Math - 2019-20

K.5 - Fractions

The student will 

  • investigate fractions by representing and solving practical problems involving equal sharing with two sharers.

Adopted: 2016


  • So that I can experience equal sharing to help me develop a deeper learning for later learning of fractions

  • So that by understanding equal sharing I can think about sharing food among friends, dividing up materials and cooking


  • Practical situations with fractions should involve real-life problems in which students themselves determine how to subdivide a whole into equal parts, testing those parts to be sure they are equal, and using those parts to re-create the whole.
  • Fractions can have different meanings: part-whole, division, measurement, ratio, and operator.  The focus of this grade level is to develop the idea of equal sharing (division) and part-whole relationships.  Fraction notation will be introduced in grade two.
  • Young children understand equal sharing problems intuitively because of their experiences sharing objects with siblings, friends, etc.  Consider the following examples:
    • Two children sharing six sandwiches
    • Two children sharing one sandwich
    • Two children sharing four brownies
  • For two children sharing one sandwich, a child might say that each will get half of the sandwich.  For two children sharing four brownies, a child might say they each will get half of the brownies, while another child might say they will get one of the two pieces.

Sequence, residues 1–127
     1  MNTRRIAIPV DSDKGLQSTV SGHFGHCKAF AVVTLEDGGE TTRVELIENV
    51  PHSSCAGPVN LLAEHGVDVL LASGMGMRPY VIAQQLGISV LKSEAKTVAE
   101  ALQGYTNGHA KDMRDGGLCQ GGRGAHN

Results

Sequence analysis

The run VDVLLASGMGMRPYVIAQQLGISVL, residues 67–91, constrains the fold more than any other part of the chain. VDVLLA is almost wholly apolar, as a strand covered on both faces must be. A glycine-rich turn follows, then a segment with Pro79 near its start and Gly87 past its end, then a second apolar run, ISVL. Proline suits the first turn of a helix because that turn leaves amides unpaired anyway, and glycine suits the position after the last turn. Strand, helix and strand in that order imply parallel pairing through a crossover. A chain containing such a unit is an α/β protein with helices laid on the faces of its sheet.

• Teachers should use vocabulary such as halves.  Students may name the parts as halves but may also use language such as “one piece out of the two pieces” to describe half.  Students at this level should not be expected to use fraction vocabulary or notation. Informal, integrated experiences with fractions at this level will help students develop a foundation for deeper learning at later grades. Understanding the language of fractions furthers this development.
  • Students should be encouraged to create drawings or use concrete objects or other representations to solve problems.
  • Fraction models at this level should be able to be continuously divided (e.g., cookies, brownies).  It is important to use models that can be continuously divided when there are remainders so those remainders can be cut into as many equal parts as needed.
  • In each fraction model, the fractional parts must be equal shares of a whole.
  • Equal parts may be different shapes but maintain the same value (e.g., a sandwich could be cut in two equal pieces vertically, horizontally, or diagonally to represent halves).
  • The fraction name half tells the number of equal parts in the whole.


The student will use problem solving, mathematical communication, mathematical reasoning, connections, and representations to

  • Share a whole equally with two sharers, when given a practical situation.
  • Represent fair shares concretely or pictorially, when given a practical situation.
  • Describe shares as equal pieces or parts of the whole (e.g., halves), when given a practical situation.

Updated: Aug 22, 2018